As of 2019, there were over 15 kilometres of protected cycle tracks in the city, and data from the indicates that cycling rates have spiked in many neighbourhoods across Toronto where protected cycling infrastructure is readily accessible. During pandemic closures, entire roads were closed to vehicular traffic for cyclists and pedestrians, which has led to a cycling boom throughout the city.

To ensure that cycling infrastructure continues to grow in lockstep with Toronto and other urban centres’ growing populations, research centres like Ryerson’s TransForm Lab and School of Occupational and Public Health are crucial to providing insight into how people navigate cities and how we can better accommodate the diversity of users who travel city streets every day.

hands holding a Naloxone kit
Access to Naloxone kits and training saves lives.

Fighting the opioid crisis

For someone experiencing an opioid overdose, naloxone may make the difference between life and death. The medication temporarily blocks the effects of drugs like fentanyl and buys time for help to arrive.

There was a 74% increase in opioid-related deaths following the COVID-19 lockdown measures implemented in May 2020.

This has become increasingly important with the increase in opioid toxicity deaths during the COVID-19 pandemic. In the six months following the implementation of the COVID-19 prevention measures (April to September 2020), there were 3,351 opioid toxicity deaths, representing a 74% increase from the six months prior (1,923 deaths between October 2019 and March 2020). This is an increase from 11 to 18 deaths per day.

“It’s not just vulnerable people who overdose,” says Dr. Corinne Hart, professor in the Daphne Cockwell School of Nursing. “It’s also people who may inadvertently be taking [recreational drugs] laced with something,” she says, or even people prescribed opioids like oxycodone for chronic pain.

While on placement at St. Michael’s Homes, an addictions treatment centre in Toronto, Ryerson nursing student Toby Stevens-Guille received naloxone training from pharmacist Samim Hasham.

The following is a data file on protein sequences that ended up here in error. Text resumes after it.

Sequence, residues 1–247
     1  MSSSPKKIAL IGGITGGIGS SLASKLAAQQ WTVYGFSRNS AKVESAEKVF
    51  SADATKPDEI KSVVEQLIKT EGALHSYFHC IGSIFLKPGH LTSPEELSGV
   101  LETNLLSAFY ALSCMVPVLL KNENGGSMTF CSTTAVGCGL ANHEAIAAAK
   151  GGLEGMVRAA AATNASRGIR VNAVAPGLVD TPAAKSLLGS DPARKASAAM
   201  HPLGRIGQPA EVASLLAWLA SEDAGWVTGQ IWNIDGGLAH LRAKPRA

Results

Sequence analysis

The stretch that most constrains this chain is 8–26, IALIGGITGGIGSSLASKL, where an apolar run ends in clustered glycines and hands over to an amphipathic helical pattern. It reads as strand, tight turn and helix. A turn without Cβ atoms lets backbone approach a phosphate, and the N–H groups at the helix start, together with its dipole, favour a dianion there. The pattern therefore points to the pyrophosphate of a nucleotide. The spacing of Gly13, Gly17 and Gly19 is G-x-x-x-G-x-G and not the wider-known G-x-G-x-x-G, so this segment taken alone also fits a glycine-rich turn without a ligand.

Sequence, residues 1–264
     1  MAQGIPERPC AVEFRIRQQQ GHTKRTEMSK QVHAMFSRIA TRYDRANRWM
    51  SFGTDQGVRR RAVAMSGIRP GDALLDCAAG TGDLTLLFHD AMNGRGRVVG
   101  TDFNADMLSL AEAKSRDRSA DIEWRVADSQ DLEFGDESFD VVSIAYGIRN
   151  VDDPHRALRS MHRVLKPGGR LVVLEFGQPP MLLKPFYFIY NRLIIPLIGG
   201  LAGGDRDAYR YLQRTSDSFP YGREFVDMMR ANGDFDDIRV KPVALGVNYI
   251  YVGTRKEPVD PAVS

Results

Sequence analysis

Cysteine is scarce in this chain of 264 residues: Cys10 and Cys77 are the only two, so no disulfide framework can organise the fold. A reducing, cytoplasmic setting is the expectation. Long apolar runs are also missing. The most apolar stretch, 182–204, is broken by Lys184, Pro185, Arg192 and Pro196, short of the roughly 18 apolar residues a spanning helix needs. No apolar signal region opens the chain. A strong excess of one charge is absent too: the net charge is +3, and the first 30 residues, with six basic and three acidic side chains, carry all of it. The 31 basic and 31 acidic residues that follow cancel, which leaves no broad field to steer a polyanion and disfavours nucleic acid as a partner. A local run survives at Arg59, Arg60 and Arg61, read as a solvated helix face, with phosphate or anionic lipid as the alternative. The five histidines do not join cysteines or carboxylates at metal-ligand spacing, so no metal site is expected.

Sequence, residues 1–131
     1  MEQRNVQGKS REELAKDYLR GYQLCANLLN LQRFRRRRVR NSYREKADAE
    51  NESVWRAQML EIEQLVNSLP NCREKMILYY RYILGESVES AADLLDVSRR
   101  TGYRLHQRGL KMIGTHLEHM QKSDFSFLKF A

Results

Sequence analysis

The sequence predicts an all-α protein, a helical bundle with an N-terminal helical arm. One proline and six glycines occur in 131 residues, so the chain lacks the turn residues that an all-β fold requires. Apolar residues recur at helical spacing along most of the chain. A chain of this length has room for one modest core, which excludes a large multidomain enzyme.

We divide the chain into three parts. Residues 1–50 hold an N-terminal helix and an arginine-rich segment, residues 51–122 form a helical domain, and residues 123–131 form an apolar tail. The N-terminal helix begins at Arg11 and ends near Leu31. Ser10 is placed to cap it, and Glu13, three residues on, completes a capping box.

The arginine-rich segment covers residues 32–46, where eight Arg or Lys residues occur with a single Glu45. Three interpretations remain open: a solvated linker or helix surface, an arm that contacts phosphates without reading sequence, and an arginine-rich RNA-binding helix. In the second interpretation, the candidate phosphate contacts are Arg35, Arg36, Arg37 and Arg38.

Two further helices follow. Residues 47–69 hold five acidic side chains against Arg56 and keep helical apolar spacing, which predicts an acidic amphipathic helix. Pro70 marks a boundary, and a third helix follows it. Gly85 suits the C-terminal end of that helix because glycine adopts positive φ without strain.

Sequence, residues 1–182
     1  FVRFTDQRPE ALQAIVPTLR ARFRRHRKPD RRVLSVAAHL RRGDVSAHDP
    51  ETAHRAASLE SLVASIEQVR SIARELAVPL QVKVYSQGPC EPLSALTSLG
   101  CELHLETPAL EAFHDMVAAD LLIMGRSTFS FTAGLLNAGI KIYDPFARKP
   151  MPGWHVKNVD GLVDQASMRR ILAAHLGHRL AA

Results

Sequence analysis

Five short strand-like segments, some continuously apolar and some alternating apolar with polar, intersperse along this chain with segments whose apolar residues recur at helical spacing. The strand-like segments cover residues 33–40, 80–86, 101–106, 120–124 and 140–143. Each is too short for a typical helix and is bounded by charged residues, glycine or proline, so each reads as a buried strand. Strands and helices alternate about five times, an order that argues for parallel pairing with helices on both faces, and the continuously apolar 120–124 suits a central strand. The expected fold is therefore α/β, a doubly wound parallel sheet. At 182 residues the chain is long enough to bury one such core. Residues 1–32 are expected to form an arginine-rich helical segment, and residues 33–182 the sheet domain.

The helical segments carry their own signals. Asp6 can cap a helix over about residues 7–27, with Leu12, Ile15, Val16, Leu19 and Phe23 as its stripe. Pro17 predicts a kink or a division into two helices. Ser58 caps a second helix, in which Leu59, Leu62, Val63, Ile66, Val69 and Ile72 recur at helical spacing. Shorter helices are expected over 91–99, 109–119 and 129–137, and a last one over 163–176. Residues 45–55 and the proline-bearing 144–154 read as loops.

Now a graduate, Stevens-Guille worked with Dr. Hart to bring Hasham’s training to Ryerson in 2017, introducing it for all third-year nursing students. To date, close to 500 students and faculty have learned how to administer naloxone using a nasal spray.

“Naloxone is a miracle drug,” says Stevens-Guille. “You can learn how to use [it] in less than five minutes and save a life instantly just by carrying a little kit on you.” 

Working together, the diverse range of researchers in the Faculty of Community Services are driving change, helping to make the streets and their communities more livable.

a boy looking at a lined notebook with an adult next to him
Our research aims to find alternatives to placing children in the system, where chances of homelessness or involvement in the justice system increase.

Ending the welfare cycle

Ryerson’s downtown location allows the FCS to work with many communities. Dr. Julian Hasford is using those connections to address disparities in the Ontario foster and child welfare systems.

42% of the children in care of the Children’s Aid Society of Toronto were black in 2020.

In 2014, the Children’s Aid Society of Toronto revealed 41 percent of children in its care were Black. Although some improvements had been made, before the pandemic, the number was always disproportionate. More recent studies, from 2020, show 42% of children in care were Black. Black people make up just eight percent of the population.

“The largest referrers to children’s aid societies are police and education,” says Hasford.

“If a young person presents with an issue — perhaps they come to school with a bruise or a lunch that doesn’t look particularly nutritious — they are much more likely to refer that child to children’s aid if that child is Black.”

Once in the system, the chances of homelessness or involvement in the justice system increase.

“Black youth in particular are less likely to be reunited with their families or to be adopted, so you get this real concentration of youth in the system,” Hasford says.

Hasford is finding solutions to this complex issue. Connecting families with resources, adequate housing, and culturally appropriate support may prevent Black children from entering the system and improve their chances at a better future.

FCS in action

Here are a few more ways we’ve contributed to building livable cities over the past year.

  • More than 560 children came into the world with the help of an FCS Midwifery student this year.
  • 15 students became certified midwives in 2020 and 28 in 2021, almost a 100% increase. They will fill in-demand positions in Ontario, Manitoba and British Columbia.  
  • Bicycling infrastructure on Danforth Avenue may prevent up to 200 bicycle/vehicle collisions.
  • An FCS alumna committed $450k towards awards for nursing students.